edit on 29-2-2012 by LilDudeissocool because: of typo.



posted on Feb, 29 2012 @ 06:38 PM
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Now I am going to have the last word.

The length of a diameter of any give circle is always 3 wholes and near one seventh of said length that equals a circumference which is pi. How that is represented within any given number system is only relative to that number system, and not rooted in the constant found only within the context of geometry.

Separate the two.

Math is a linguistic tool. A tool like a compass. Geometry on paper is like a map plotting the locations of all physical things as they relate to one another in physical form which is geometry, a physical truth. I mean how hard is that to understand unless the person is being deliberately argumentative? That's why have my money on the latter.



posted on Feb, 29 2012 @ 06:41 PM
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Originally posted by Arbitrageur

Who knows if we had 3.14 fingers instead of 10 we might be using base 3.14? (that's a joke)


Too bad, you almost had it. You do if you don't make a joke about it.


edit on 29-2-2012 by LilDudeissocool because: you do have it, but you just don't want to admit it.




posted on Feb, 29 2012 @ 06:44 PM
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Look folks...as a person that works in Construction Engineering...I use Pi all the time...it is a function of geometry and trigonometry and it is a number we use to figure things out.

Example:

I am building a stadium...I want a curved roof system...now the only way to calculate the length of the steel that is going to be force curved and made into the pieces that make up the roof involves functions of Pi...it works...it always works....dispute all you like, but this is 27 years of practical application here...sorry if that is upsetting...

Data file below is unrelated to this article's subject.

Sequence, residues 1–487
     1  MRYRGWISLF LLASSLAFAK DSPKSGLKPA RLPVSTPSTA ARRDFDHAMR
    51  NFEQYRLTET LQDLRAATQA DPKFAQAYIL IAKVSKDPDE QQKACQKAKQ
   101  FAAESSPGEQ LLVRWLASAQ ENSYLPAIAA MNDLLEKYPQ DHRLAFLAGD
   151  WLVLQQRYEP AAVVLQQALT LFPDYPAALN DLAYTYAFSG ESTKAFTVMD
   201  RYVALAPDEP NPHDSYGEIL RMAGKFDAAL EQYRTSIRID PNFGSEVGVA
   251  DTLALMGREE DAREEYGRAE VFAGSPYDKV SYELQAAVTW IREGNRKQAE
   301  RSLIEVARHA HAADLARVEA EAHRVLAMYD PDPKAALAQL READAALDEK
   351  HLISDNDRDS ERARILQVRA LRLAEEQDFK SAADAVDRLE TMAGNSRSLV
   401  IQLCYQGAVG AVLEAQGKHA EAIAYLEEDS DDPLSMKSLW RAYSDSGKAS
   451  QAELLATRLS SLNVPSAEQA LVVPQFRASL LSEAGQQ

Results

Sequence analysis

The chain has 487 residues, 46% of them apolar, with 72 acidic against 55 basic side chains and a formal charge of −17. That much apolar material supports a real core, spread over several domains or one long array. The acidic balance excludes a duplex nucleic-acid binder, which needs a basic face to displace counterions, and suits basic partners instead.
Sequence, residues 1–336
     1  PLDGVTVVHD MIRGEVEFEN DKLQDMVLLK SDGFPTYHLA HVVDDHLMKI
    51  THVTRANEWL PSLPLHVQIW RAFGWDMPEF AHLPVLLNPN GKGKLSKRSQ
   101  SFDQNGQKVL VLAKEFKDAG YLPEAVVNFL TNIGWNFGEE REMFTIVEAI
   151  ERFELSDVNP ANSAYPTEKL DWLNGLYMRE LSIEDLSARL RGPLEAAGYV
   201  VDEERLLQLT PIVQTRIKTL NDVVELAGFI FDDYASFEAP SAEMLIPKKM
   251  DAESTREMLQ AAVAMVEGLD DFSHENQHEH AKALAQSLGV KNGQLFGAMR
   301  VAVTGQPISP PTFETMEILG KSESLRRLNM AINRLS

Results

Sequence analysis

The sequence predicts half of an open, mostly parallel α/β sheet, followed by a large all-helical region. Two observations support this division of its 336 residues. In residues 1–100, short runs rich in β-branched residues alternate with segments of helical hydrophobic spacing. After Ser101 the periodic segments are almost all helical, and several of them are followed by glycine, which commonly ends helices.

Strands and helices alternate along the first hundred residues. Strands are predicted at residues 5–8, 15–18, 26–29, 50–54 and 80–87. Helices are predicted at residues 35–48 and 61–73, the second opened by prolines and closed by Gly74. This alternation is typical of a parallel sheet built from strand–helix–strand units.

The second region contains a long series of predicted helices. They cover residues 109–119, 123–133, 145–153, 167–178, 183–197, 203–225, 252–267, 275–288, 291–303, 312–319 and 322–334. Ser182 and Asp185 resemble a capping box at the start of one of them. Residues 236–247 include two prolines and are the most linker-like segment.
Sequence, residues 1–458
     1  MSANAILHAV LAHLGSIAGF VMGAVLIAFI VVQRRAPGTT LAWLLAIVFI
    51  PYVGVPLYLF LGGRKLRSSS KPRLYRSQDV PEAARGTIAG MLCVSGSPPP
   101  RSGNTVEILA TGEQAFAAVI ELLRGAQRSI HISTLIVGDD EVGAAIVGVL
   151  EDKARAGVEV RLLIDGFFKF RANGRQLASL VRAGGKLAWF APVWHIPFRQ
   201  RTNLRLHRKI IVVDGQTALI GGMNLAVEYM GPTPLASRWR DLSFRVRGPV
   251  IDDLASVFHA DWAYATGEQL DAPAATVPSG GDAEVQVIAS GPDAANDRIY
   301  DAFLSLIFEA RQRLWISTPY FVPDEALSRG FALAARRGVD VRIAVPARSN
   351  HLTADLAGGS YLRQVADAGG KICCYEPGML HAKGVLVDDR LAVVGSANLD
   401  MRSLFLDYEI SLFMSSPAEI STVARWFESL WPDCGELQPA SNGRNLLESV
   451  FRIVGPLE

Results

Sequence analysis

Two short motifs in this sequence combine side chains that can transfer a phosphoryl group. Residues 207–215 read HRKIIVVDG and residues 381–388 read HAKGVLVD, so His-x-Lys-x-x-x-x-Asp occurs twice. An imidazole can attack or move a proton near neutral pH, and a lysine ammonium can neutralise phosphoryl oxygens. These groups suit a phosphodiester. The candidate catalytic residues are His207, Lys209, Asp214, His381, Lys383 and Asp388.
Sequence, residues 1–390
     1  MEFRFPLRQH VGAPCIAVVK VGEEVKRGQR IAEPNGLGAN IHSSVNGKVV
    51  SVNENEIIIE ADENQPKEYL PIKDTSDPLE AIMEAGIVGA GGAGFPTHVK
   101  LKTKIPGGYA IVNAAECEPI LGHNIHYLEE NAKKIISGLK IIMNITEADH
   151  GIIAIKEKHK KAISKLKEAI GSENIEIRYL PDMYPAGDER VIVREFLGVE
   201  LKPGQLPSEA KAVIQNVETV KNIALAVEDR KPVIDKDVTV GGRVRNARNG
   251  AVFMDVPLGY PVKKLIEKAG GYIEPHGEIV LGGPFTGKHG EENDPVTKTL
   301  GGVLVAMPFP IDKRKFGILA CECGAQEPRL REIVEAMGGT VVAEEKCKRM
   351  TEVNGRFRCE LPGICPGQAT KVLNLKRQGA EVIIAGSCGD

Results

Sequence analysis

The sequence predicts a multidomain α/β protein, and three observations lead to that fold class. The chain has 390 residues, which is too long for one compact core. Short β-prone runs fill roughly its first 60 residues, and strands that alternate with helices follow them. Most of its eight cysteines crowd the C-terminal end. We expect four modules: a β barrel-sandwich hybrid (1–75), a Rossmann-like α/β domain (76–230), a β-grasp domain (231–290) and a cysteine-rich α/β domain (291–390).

Instead of questioning things that are not broken...aka...mathematical functions...why not step over into the political forum and ask why are we not fixing our roads and bridges?



posted on Feb, 29 2012 @ 06:51 PM
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reply to post by Damrod
 


Because the Wall Street billionaire crowd wants to let them all fall apart so it then can be argued that it's too expensive for the government to fix and they can't do anything right, so these public properties will then be privatized with the full will of the people to do so. Just as they are doing with the U.S. Postal Service.

Money talks and BS walks. It's a lost cause subject to discuss.



posted on Apr, 23 2012 @ 06:45 PM
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LilDudeissocool,

Are you familiar with Marko Rodin's vortex math? I hope so, because I would appreciate your thoughts on the following claim, as stated in "RodinAerodynamics.org featuring the Rodin Coil":


The repeating number pattern that solves pi and demonstrates it to be a whole number.





posted on Aug, 3 2012 @ 11:30 PM
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Uh huh.




posted on Aug, 4 2012 @ 01:42 AM
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Related to the numbers in between.